Any duet album featuring Brazilian string masters Yamandu Costa and Hamilton de Holanda is worth taking note, and for enthusiasts who have been following these two consummate instrumentalists, the 2008 São Paulo recording "Live!" on Adventure Music represents another gem to add to the Brazilian duet canon.
If one plays the sitar, pygmy sitar, electric sitar, tanpura, as well as the guitar-zither, piano and Fender Rhodes, a career as a jazz musician is usually not the first thing an audience would expect to hear. That is, however, precisely the direction Jonathan Mayer has embarked on. Mayer is the son of the late Indian composer and Indo-jazz fusion founder John Mayer, so the choice of which instrument he wanted to study is logical. That Jonathan would move towards jazz is not.
A group of Berklee College of Music students and alumni, and Newton North and Needham, MA, High School students are using the summer break as an educational opportunity. The students will participate in a cultural exchange program in Kenya (June 25—July 15) through local organization Global Youth Groove (GYG), whose mission is to transform the lives of youth through music, where they will teach, perform, study Swahili, learn about traditional Kenyan music, instruments and dance, and be immersed in Kenyan culture. The program is spearheaded by Berklee staff member Sam Lutomia, co-founder of GYG and co-founder of Acacia in Kenya, a fundraising effort that provides support for girls education.
The GYG group will spend two weeks in Kakamega, Western Kenya, teaching music and giving workshops at the Matende Secondary School, founded by Lutomia's father Francis. They plan to bring a full ensemble setup—including donated guitars, bass, violin, alto saxophone, clarinets, drums, and keyboards—on which the students will teach and perform. The students will also give presentations in their fields of expertise. Berklee film scoring major Dave Chapman's demonstration of music production software using desktop gear will give people without access to recording studios the tools to self-produce on computers.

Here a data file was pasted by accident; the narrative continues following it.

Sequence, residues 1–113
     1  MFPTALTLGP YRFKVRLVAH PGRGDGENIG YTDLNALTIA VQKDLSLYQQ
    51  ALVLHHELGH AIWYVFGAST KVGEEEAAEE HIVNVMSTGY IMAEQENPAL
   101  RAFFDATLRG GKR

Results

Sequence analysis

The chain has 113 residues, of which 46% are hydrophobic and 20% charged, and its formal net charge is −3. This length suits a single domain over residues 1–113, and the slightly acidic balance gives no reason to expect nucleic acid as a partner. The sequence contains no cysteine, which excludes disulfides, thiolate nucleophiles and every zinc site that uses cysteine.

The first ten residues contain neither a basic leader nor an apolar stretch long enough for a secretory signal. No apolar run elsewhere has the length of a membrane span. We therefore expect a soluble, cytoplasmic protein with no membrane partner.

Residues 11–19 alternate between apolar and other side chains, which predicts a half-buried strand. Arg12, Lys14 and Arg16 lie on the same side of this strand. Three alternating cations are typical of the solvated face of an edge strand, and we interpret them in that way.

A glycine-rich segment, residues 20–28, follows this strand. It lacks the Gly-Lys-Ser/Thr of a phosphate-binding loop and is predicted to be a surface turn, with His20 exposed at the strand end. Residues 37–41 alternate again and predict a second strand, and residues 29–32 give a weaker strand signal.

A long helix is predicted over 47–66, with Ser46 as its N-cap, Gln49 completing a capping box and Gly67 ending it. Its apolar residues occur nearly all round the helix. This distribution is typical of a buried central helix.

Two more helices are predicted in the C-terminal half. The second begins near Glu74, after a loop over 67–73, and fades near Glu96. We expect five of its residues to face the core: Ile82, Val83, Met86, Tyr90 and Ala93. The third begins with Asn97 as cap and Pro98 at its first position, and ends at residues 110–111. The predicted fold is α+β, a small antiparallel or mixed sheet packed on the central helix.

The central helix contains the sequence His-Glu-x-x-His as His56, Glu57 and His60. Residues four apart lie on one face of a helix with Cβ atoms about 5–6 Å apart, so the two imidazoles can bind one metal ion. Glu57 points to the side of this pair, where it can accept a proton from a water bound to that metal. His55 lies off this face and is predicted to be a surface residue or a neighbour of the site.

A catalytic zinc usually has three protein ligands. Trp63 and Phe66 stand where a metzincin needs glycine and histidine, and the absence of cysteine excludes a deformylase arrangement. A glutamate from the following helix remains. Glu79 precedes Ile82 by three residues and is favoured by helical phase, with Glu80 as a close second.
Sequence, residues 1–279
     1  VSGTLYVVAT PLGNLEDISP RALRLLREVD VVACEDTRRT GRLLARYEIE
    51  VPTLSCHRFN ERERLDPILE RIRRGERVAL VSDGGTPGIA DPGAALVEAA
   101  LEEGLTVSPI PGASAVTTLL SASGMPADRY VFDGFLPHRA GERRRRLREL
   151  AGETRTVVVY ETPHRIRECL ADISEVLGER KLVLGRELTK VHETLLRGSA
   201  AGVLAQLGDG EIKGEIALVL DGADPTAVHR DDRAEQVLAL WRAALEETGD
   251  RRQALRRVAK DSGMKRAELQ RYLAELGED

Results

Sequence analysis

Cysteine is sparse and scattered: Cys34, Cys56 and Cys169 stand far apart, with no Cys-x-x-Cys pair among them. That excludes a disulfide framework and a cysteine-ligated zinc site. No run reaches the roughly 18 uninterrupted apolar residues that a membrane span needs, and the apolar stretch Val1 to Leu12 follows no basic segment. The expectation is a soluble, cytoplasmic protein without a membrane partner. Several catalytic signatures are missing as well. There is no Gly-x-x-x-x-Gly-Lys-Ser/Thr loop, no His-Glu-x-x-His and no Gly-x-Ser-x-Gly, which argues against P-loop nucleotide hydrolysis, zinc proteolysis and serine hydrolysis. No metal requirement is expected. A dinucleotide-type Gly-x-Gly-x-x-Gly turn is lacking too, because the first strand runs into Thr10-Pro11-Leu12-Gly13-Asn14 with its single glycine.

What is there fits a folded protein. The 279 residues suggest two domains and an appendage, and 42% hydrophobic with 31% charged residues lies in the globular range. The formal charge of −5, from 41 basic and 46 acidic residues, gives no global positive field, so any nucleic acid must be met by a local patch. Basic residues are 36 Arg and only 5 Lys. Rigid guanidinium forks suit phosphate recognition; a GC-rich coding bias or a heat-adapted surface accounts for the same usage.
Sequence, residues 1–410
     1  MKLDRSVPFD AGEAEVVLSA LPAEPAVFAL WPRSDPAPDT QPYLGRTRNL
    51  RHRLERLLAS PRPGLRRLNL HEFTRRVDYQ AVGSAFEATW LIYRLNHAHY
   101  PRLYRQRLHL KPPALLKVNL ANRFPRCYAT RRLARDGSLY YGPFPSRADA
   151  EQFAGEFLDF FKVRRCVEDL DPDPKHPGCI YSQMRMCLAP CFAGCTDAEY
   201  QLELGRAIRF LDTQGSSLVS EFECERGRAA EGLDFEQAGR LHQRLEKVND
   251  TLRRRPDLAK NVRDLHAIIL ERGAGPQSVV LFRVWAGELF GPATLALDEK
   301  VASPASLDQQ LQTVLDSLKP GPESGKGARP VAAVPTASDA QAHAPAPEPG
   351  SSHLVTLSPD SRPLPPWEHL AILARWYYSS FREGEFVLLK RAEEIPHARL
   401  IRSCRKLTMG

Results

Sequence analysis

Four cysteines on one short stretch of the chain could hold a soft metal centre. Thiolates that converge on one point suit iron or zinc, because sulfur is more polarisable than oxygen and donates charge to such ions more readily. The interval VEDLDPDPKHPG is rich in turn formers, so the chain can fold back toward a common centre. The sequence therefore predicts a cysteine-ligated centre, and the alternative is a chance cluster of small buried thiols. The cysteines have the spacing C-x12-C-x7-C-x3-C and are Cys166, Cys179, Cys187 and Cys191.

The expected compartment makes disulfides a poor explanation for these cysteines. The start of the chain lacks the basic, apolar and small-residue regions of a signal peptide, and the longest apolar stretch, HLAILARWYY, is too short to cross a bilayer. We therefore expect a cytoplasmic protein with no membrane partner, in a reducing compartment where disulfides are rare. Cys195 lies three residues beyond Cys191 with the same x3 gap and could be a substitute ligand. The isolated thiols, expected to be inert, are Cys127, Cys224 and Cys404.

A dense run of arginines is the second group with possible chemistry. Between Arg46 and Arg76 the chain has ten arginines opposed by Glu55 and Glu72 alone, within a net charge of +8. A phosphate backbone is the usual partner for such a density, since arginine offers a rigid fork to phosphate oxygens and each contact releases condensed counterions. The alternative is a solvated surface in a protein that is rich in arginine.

Making technology more accessible, the group will bring eight MacBook Pros, donated by the college's IT department, loaded with GarageBand and ProTools. At the end of the trip, the laptops and instruments will be given to a community center in Kakamega, allowing talented local youth to continue developing their skills. Lutomia explains, “Unfortunately, we can't leave the laptops at Matende School because of security. The school is still struggling to buy windows and doors for their classes, which is the case for most public schools in Kenya."
They also plan to visit other schools and orphanages in the area and will perform at the Kenya Schools and Colleges National Music Festival in Kakamega, June 29-July 2.
GYG includes students from Kenya returning home for the trip, and students from the US making their first trip to Africa. “I am really excited because students from Berklee and local high schools get to come to my country and have a little taste of my culture," says Nairobi native Wambura Mitaru, who studies at Berklee on a full Africa Scholarship. “It allows me to share a part of my life that is close to me—my home. I hope to learn from both worlds and see musicians interacting and having a great time speaking the universal language of music."